When: Jan 17th- 22nd 2017
Duration: 60 mins
Sport: We cheer every goal, we love or hate every player with an unnatural fervour and we worship at the alter or muscle tone, sweat and determination.
Dance is a sport….. right?
Can you name a prolific Australian dancer? Choreographer? Company of note that isn’t SDC?
Champions, is a cleverly devised collaboration of the talented mind of director Martin Del Amo and the dynamic company Form Dance Projects. It draws on the similarities of dance and sport. The focus, determination, timing and skill required to ‘perform.’
Humorous in its articulation and framed as a sports match, Champion gives Festival audiences a chance to laugh at the vernacular, jargon and presentation of dance in a totally different light. It deliberately highlights the ‘rift’ between sport and the arts. Cleverly woven into the mix is sports news caster, Mel McLaughlin, who dialogues through and disseminates the performance and performers as the show plays out.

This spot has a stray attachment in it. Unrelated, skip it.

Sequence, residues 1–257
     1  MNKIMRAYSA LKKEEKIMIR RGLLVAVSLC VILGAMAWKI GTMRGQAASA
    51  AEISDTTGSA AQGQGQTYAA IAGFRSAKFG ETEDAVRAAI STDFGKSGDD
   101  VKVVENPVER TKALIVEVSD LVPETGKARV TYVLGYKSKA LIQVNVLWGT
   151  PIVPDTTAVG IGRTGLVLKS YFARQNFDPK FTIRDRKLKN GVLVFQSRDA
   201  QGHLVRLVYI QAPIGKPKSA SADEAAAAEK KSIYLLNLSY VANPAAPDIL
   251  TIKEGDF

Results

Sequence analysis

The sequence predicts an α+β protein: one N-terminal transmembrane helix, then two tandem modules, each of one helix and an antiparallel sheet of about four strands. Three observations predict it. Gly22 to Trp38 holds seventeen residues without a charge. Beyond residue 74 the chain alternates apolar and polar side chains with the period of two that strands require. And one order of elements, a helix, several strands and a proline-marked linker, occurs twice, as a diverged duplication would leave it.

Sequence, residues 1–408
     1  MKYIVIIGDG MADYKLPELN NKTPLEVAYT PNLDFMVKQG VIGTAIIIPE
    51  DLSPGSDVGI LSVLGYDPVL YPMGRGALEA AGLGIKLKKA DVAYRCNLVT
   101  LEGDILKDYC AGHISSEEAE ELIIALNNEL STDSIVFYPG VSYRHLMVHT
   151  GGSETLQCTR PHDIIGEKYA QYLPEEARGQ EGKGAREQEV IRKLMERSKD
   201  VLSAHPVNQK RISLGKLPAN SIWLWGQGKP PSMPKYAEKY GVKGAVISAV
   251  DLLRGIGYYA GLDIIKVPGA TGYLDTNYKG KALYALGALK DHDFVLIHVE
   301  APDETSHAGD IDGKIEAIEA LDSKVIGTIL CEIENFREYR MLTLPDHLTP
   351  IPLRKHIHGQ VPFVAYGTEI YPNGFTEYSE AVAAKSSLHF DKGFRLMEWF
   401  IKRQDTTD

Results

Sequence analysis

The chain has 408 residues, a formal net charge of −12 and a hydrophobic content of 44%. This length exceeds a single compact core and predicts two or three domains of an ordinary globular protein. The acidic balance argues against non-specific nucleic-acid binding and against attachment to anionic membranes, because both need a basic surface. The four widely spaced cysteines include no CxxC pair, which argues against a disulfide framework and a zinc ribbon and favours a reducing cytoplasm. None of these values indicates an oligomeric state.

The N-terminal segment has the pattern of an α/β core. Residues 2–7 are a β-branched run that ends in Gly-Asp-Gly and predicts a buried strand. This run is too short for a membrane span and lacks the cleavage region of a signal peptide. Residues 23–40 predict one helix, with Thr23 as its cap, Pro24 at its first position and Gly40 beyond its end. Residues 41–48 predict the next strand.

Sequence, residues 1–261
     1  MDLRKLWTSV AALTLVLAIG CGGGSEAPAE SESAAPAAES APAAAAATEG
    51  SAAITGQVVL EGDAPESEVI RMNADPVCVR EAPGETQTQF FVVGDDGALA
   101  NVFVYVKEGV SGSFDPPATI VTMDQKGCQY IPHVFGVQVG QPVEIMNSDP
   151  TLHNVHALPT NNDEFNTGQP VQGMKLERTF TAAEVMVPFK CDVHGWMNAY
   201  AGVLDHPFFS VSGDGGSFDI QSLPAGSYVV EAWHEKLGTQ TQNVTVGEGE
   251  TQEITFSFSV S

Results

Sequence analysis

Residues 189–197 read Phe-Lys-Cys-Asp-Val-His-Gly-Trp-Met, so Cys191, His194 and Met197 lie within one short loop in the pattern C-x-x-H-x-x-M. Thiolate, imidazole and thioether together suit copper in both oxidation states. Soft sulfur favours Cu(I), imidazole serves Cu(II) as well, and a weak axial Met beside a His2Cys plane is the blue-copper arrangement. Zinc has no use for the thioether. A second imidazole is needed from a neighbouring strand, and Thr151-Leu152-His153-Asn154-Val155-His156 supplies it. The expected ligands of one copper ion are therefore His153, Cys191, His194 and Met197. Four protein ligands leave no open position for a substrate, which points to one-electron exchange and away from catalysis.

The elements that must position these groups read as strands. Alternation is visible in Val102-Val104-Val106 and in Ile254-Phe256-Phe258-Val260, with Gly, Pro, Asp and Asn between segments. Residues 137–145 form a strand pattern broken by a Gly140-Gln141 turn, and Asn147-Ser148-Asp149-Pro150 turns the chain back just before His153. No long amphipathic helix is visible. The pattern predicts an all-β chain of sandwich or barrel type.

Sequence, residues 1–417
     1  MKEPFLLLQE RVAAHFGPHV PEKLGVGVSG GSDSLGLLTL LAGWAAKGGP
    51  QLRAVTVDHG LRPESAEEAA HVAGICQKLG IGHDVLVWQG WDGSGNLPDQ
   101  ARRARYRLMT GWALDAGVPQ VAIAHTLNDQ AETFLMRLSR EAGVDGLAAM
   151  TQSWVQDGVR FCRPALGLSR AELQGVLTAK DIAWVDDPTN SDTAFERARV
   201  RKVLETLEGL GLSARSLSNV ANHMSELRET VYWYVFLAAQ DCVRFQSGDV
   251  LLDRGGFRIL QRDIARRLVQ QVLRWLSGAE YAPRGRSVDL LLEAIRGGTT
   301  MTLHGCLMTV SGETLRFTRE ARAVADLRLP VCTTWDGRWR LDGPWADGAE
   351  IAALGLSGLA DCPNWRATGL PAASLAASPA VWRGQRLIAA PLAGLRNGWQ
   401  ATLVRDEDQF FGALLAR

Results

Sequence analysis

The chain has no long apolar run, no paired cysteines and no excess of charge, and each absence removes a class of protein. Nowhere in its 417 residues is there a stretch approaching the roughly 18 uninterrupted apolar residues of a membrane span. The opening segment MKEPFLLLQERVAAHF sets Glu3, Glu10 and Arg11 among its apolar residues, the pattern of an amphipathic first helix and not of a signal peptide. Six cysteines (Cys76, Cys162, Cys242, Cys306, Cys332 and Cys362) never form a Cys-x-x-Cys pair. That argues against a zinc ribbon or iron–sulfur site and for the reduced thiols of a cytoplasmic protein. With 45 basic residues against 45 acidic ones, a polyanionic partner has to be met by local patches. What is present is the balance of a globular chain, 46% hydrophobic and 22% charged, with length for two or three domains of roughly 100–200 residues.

It is an interesting piece of theatre. Both poignant in its depiction of women in both sports and the arts, it has a lot to say about how we see the sexes and their place within the world of the male dominated society of sport.
The twelve performers are outstanding. Remember, just because they make it look simple… doesn’t mean you could do it. Sara Black, Kristina Chan, Cloe Fournier, Carlee Mellow, Sophia Ndaba, Rhiannon Newton, Katina Olsen, Marnie Palomares, Melanie Palomares,Kathryn Puie, and Miranda Wheen are powerful, dynamic and engaging.
There is also a mascot to think about, cheekily brought to life by Julie-Anne Long.
The difficulty for me in this piece, is that although there is a lot to be discussed given the subject matter, the actual movement component of the piece lacked ebb,flow, catharsis and depth. There was too much gravitas and slowness in the choreography and ultimately, it became a white wash of weighty single notes being played, rather than a layered orchestra. One of the most exhilarating parts of the performance were the lifts, right at the end. Other than that, the dynamics were too few and far between. All the elements were there: The subtle humour, statistics, the skill and the story, and yet I was not fully engaged in the experience. I needed just a little more excitement.